Prime Minister Viktor Orbán met in his office representatives of the 15th European Maccabi Games starting in Budapest on Monday.

As we wrote before, the 15th Maccabi European Games kicks off in Budapest on the 29th of July, lasting until the 7th of August.

Maccabi was represented by Motti Tichauer, chairman of the European Maccabi Confederation, and Jack Terpins, vice president of the Maccabi World Union.

Orbán welcomed that the event has returned to its central European roots after 90 years, noting that the Games had been hosted only once in the region: the first one, held in Prague in 1929.

As one of the world’s safest countries, Hungary is capable and prepared to host events of such dimensions, Orbán said.

The prime minister said the government provides protection and support to Hungary’s Jewish community to help them preserve their identity. Supporting Jewish athletes is an important aspect of this effort, he said.

The meeting was attended by András Heisler, president of Hungary’s Jewish federation Mazsihisz, Ádám Jusztin, the head of Maccabi VAC Hungary, and MEP Tamás Deutsch, the head of sports club MTK.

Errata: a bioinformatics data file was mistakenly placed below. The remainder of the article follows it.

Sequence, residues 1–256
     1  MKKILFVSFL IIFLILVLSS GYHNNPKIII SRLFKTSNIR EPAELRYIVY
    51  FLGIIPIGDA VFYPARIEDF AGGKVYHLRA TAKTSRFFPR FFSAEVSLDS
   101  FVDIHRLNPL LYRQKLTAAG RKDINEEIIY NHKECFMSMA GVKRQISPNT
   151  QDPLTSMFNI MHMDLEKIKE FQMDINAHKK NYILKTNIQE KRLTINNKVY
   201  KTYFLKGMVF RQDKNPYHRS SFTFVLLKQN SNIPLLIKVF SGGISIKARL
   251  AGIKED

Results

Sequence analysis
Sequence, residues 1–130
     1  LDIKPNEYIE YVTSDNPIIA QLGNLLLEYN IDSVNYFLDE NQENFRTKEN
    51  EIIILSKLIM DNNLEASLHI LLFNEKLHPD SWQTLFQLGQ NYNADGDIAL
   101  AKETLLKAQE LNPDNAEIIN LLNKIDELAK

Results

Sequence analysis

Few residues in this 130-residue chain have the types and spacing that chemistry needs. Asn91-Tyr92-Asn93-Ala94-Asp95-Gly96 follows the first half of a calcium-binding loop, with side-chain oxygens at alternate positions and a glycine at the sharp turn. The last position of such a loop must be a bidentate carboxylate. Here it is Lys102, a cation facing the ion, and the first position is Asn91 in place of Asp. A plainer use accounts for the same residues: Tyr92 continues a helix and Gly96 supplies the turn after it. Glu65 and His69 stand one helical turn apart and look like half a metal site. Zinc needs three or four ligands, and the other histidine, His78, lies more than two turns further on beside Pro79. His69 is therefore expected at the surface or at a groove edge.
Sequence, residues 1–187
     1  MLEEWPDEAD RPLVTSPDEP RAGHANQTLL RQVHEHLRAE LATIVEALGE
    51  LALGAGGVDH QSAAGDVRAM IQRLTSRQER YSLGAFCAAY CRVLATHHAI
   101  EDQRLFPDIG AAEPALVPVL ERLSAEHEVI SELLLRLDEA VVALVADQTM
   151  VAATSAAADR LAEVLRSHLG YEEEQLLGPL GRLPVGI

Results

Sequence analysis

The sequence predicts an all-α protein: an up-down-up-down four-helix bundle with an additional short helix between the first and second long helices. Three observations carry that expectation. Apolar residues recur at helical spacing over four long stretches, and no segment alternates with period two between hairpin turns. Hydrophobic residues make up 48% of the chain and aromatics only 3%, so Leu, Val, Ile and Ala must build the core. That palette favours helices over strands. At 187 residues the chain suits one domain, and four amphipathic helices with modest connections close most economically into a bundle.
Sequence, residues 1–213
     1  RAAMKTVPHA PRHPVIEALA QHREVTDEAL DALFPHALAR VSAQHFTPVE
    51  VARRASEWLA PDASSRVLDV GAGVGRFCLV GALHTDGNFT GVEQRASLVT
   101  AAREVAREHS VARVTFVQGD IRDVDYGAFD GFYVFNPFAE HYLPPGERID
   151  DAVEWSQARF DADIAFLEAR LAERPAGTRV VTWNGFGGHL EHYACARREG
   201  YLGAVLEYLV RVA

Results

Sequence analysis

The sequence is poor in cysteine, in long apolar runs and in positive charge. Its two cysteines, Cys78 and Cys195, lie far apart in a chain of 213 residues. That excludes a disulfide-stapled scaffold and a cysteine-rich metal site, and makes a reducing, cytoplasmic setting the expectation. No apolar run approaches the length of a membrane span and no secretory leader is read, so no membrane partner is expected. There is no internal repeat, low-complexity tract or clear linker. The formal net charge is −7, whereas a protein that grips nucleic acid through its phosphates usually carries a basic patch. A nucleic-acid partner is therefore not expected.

The Maccabi Games is expected to bring together a record 3,000 participants including 2,300 athletes from 42 countries.

It will be the biggest multi-sports event Hungary has ever held.

The event will be formally opened by President János Áder on Tuesday and run until Aug. 7.

The Hungarian government has supported the games with 5 billion forints (EUR 15.3m).

At a press conference later on Monday, Tichauer expressed thanks to the Hungarian government for its support. He said that athletes have also been invited from nine non-European countries, including the US, Canada, Mexico, Brazil, the Republic of South Africa, Australia and Israel.

Heisler said the Games represented an event of special importance also to Hungary’s Jewish community. He said that numerous cultural and religious events would be organised to coincide with the games, including a huge worship service in Budapest’s Dohány Street Synagogue.

Source: MTI

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